Compared with other scientific disciplines, some leaders in the science community have said, biology is too heavily centered on facts, with too little emphasis on underlying theory. The propagation of this misperception in recent years has very likely contributed to a drive to allocate larger portions of the federal research budget to nonbiological disciplines, a move that some assume will have a “transformative” impact on the nation's research enterprise.
To stimulate thinking about the role of theory in biology, the National Science Foundation (NSF) Directorate for Biological Sciences (BIO) commissioned the National Academies of Science to study the explicit role that theory plays in shaping basic biological research. According to James Collins, the NSF's assistant director for BIO, the report—The Role of Theory in Advancing 21st Century Biology: Catalyzing Transformative Research—“shines a bright light on the fact that there are lots of theories in biology; it is a theory-rich discipline that goes beyond the theory of evolution.”
Michael Mares, presidential professor of zoology and distinguished research curator of mammals at the University of Oklahoma, and chairman of the NSF BIO Advisory Committee, notes that much of the report will be self-evident to biologists. He points to one of the publication's chapters, “Are There Still New Life Forms to Be Discovered?” and comments, “I search for new species of mammals...and see new species and even genera or families being discovered on a regular basis—this is an easy question to answer. Certainly any entomologist would chuckle at the question.” Yet Mares and other advocates for biology recognize the importance of restating this and similar questions so that the entire scientific and engineering enterprise can better understand the robust theoretical framework underlying biology.
Although the report was released with little fanfare in 2007, the document is quite good and deserves the attention of scientists from all disciplines, Mares says. Collins agrees, pointing out that The Role of Theory articulates opportunities for exciting new research at the fuzzy boundaries between biology and other disciplines. One chapter asks, “What Are the Engineering Principles of Life?” and proceeds to describe opportunities for applying engineering practices to the study of life: for example, in the emerging field of synthetic biology, biological units such as proteins, cells, and organs are viewed as modules that can be built, combined, or deconstructed. Another chapter explores how biology and other disciplines that grapple with the storage, accumulation, and transmission of information—including mathematics, computer science, and statistics—could mutually benefit from the exchange and application of theoretical ideas and tools.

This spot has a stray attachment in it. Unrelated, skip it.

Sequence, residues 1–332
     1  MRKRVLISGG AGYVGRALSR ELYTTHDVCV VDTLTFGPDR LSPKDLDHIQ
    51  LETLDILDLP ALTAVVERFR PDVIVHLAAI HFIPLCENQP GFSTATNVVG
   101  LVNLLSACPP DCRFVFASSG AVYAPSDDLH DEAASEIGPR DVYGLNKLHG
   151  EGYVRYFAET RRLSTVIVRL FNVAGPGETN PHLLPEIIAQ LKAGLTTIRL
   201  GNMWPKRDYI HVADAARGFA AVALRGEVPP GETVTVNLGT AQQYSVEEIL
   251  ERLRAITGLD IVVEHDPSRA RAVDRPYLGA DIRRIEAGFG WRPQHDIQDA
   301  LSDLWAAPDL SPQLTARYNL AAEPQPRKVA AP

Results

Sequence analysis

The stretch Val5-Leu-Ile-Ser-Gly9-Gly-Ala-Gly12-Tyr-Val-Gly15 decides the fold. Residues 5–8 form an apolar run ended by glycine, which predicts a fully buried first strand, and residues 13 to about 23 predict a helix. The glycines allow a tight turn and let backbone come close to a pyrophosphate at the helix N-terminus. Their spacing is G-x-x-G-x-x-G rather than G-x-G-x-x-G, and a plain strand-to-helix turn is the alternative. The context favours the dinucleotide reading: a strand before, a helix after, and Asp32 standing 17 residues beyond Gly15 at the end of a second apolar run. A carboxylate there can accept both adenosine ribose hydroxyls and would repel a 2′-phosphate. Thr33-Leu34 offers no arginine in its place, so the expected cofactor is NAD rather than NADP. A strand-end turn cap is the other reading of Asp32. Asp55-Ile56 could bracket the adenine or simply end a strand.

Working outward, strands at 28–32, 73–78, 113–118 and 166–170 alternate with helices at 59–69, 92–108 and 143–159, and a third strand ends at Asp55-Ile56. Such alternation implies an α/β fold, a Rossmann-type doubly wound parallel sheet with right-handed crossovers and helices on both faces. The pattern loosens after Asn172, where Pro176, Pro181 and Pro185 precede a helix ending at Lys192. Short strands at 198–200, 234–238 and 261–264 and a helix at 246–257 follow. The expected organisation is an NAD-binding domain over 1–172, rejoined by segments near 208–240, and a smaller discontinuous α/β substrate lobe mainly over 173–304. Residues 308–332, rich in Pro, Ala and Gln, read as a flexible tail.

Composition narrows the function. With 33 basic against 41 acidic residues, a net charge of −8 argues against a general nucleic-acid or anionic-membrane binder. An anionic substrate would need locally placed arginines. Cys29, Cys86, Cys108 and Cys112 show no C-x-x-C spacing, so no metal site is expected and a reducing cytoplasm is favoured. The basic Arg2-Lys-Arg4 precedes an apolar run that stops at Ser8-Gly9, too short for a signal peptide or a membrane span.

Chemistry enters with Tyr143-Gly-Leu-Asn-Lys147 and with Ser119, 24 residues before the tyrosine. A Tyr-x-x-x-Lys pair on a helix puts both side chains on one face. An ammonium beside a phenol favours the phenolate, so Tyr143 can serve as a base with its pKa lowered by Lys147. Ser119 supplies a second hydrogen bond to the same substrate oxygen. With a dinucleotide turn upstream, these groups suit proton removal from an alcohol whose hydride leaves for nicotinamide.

To support the report's recommendations, the NSF's BIO has launched a grant program intended to encourage biologists to think about advancing the theoretical and conceptual understanding of biology in transformative ways, cutting across traditional disciplinary boundaries. However, a look at President Bush's 2006 American Competitiveness Initiative and at recent federal science budgets—in which investments in the physical sciences and engineering take priority over other disciplines—gives natural and social science advocates serious cause for concern. With so many calls for breaking down disciplinary boundaries and pursuing the best, most transformative research, why do the budget requests for the biological and social sciences lag so far behind others?
Take the fiscal year 2009 budget for the NSF, delivered to Congress on 4 February 2008 as part of President Bush's last budget proposal for the federal government. For two consecutive years, the percentage increases proposed by the administration for the NSF directorates that support physical science and engineering have been nearly twice the percentage increases proposed for BIO and the Social, Behavioral, and Economic Sciences Directorate. At a briefing after the budget's release, NSF Director Arden Bement eloquently described the scientific opportunities and discoveries that lay before the nation. His remarks justifying the NSF's $6.9 billion budget request included references to cutting-edge research in biology and the social sciences, research that has produced remarkable societal benefits—for example, findings from studies of neural networks have directly informed the development of artificial intelligence systems.
Following Bement's presentation, a member of the audience asked him about the less than robust investment in social science research, compared with other disciplines. The inquiry was particularly interesting, given the examples that Bement had just presented, coupled with research from the social science community—frequently cited by the Bush administration—that links American scientific research and innovation directly to global economic competitiveness. A growing segment of the scientific community continues to wait for an adequate answer.